Is that a statement about the fame-generating process, a statement about somehow their era was better at generating the best poets because we had a much smaller population, or am I simply wrong in thinking they’re the best American poets?
NEW: I don’t know what to say to you. I revere them. They are the most important poets for me. They invent two ways of being a poet, and two of the ways that so many poets who have followed them also acknowledge.
Would there be Susan Howe, Marianne Moore, Elizabeth Bishop, Sylvia Plath? All in different ways, would we have them without Emily Dickinson? I don’t know. I’m not sure I can enter . . . Is it that we’ve lost it? I don’t think that’s it. I don’t think we’ve lost it.
COWEN: I turn to European history, again using the “best” word, but it’s plausible to think Homer and Dante are the two best European poets ever in some regards, and they, too, are each quite early in a particular stage of history. What is it about poetry that seems to generate so many people as at least plausible bests who come at the very beginnings of eras?
NEW: Well, isn’t it that poetry is cumulative, and canons are cumulative, and those who are there first, they’re never superseded — unlike, say, for economists who would say, “Adam Smith is a really smart guy, but it’s not like we go to Adam Smith to understand Bitcoin.” They would say, “No. That knowledge has been superseded.”
In literary knowledge, we continue to learn from our predecessors and also continue to feel awe before the persistence of certain phenomena that they . . . Shakespeare saw that Iago was a slippery-mouthed conniver of a kind we still recognize.
We recognize ourselves. We recognize something enduringly human in these oldest of poets, and then, maybe, we elevate them even more.
COWEN: Is it possible that American English isn’t rich enough? I find if I go to Ireland, or especially to Trinidad, I envy the language they have there. They’re both speaking English. If you think of America today, there’s texting, now a long history of television.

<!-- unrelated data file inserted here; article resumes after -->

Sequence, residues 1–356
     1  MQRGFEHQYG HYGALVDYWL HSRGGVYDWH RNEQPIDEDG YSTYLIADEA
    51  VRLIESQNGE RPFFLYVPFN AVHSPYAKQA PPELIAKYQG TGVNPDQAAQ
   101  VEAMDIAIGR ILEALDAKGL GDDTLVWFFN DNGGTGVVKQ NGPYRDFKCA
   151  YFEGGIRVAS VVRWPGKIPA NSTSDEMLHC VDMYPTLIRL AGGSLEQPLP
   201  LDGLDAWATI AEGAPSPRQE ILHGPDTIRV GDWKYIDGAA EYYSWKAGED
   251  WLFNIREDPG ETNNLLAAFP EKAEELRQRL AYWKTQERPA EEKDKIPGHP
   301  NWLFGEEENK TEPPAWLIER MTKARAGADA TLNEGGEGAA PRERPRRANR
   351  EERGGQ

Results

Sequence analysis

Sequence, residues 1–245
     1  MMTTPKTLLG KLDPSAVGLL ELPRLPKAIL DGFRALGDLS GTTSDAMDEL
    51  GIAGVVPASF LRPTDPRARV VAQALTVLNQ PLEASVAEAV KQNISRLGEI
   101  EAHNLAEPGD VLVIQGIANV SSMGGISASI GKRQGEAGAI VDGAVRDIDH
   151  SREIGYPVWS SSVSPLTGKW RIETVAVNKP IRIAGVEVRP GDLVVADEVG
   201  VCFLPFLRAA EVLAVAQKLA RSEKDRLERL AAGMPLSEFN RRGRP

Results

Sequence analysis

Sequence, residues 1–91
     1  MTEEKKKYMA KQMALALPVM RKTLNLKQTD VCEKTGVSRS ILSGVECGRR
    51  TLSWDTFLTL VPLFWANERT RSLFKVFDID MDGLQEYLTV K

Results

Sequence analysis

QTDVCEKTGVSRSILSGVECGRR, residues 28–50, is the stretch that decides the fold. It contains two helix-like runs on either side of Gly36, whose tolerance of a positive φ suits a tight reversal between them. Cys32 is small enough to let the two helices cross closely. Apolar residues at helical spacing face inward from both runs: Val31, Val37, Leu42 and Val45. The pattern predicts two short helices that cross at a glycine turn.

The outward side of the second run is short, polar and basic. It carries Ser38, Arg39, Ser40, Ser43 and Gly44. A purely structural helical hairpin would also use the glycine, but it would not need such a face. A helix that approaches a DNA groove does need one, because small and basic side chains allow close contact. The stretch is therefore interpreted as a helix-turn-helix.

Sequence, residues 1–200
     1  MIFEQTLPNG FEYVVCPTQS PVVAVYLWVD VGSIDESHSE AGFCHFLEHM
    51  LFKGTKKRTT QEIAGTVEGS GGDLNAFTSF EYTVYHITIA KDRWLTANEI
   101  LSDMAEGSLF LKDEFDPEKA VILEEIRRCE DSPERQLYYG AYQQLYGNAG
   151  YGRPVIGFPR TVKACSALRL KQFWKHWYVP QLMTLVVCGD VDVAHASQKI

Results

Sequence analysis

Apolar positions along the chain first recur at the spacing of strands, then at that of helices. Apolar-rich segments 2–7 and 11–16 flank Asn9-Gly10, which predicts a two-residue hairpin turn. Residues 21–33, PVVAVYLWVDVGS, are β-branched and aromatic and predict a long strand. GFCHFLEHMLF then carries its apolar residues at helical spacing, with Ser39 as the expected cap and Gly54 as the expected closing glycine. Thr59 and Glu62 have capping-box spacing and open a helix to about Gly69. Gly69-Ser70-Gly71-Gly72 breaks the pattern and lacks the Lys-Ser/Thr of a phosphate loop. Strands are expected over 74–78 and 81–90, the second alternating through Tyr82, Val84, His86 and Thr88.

Our language is great for quick communication, number one in the world for science. Now there’s social media. Nineteenth-century American English has longer sentences. It’s arguably more like British English. Isn’t the problem just the language we grow up with around us isn’t somehow good enough to sustain first-rate poets?
NEW: It is. It’s so rich. I love the way it evolves, the way my kids don’t say “whatever” anymore. “Whatever” had such incredible potency. “Epic.” When they started to say “epic” had such potency. When hip-hop artists say, “That’s really ill.”
I love the fertility of slang. I love the way mass culture, and its technological limitations, and then its new breaths does funny things to language. I tell my students about this. I say, “You know the way how in ’30s movies, the women are always sweeping around going, ‘Oh, darling,’ in The Thin Man, and there’s this ‘Hi, honey . . .’” [laughs]
If you watch a ’30s movie, and then you watch a ’50s movie, and you see the plasticity and the ingenuity that human beings put into . . . We don’t say, “Hey, kid.” We don’t call anyone a kid anymore. It sounds really archaic and corny.